In Delaware, the opioid epidemic has reached unprecedented levels, leaving communities reeling from its devastating effects. What started as a solution for pain relief has quickly turned into a nightmare of addiction and tragedy. Let’s explore why opioids have become such a problem in Delaware, the impact on individuals and families alike, and what can be done to combat this crisis head-on.
As the opioid epidemic continues to ravage communities across the United States, it is important to understand how we got here. In Delaware, the story is much the same as in other states – a combination of overprescribing and easy availability of these drugs has led to addiction and pain for many residents.
The journey from pain relief to addiction is often a short one. For some, it begins with a legitimate prescription for pain medication after an injury or surgery. But what starts as a way to cope with pain can quickly turn into something more when users find that they need ever-increasing amounts of the drug to get the same effect. And when prescriptions run out, some turn to cheaper and more accessible alternatives like heroin.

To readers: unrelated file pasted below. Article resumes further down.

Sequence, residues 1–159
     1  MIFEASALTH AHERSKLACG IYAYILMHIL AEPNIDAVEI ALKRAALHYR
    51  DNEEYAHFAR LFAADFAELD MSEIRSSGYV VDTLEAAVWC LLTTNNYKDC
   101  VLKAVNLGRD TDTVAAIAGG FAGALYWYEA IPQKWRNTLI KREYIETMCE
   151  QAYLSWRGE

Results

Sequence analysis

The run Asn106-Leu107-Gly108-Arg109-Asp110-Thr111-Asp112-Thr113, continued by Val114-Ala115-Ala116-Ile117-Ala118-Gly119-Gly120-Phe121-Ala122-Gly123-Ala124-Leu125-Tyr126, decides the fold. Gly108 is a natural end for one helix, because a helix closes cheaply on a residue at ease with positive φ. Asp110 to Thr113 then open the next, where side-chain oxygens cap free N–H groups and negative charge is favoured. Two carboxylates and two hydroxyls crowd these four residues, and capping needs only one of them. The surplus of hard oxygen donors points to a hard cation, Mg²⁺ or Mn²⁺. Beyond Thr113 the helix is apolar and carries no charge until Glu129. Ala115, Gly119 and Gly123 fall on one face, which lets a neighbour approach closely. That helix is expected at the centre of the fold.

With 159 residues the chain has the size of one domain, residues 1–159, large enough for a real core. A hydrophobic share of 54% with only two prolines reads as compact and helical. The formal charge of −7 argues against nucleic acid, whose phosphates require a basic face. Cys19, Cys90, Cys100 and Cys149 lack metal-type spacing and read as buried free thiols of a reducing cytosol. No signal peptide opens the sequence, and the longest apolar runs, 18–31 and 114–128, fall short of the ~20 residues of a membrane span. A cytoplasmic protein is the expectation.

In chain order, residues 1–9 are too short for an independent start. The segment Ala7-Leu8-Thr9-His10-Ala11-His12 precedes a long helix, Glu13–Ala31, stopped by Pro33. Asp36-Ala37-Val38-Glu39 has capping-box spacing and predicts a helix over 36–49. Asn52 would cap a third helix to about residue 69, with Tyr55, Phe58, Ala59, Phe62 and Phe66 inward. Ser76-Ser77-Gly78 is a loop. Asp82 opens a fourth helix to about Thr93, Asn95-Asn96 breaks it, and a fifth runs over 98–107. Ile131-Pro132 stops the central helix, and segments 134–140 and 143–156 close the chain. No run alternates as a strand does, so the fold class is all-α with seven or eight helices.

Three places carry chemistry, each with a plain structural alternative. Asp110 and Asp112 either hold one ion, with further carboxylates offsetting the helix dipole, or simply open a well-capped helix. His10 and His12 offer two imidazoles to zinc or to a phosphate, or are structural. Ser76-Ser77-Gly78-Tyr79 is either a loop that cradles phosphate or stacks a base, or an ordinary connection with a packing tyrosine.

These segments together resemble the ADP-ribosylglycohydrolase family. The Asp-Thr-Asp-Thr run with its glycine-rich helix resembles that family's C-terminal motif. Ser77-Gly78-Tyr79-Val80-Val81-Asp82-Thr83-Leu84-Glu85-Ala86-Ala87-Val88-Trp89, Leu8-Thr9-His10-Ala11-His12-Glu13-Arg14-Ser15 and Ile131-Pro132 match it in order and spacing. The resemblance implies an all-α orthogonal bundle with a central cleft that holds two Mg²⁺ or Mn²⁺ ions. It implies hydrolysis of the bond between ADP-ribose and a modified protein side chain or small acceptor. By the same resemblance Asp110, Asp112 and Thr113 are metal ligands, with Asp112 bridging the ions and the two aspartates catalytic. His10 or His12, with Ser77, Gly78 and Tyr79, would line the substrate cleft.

The cycle of addiction can be difficult to break, and even deadly. But there is help available for those who are struggling. If you or someone you know is struggling with an addiction to opioids, please contact Redemption Addiction Treatment Center at (610) 314-6747 to learn more.
Opioid Use in Delaware
The use of opioids in Delaware has been on the rise in recent years, with devastating consequences. According to the National Institute on Drug Abuse (NIDA), there were 442 overdose deaths involving opioids in Delaware in 2017, which is more than double the number of such deaths in 2013. Opioid addiction has become a major public health problem in the state, and it is taking a toll on communities across Delaware.
NIDA reports that the majority of opioid overdose deaths in Delaware involve prescription opioids. However, heroin and other illicit opioids are also contributing to the problem. In 2017, there were 129 overdose deaths involving heroin, which is up from just 33 such deaths in 2013. The use of fentanyl, a powerful synthetic opioid, is also on the rise in Delaware and is often mixed with other drugs, which can make it even more dangerous.
The increase in opioid use has had a ripple effect on communities across Delaware. The state’s child welfare system has been overwhelmed by the number of children being born addicted to opioids or who have parents struggling with addiction. Hospitals and law enforcement agencies have also been strained by the increase in overdoses. And families have been torn apart by addiction.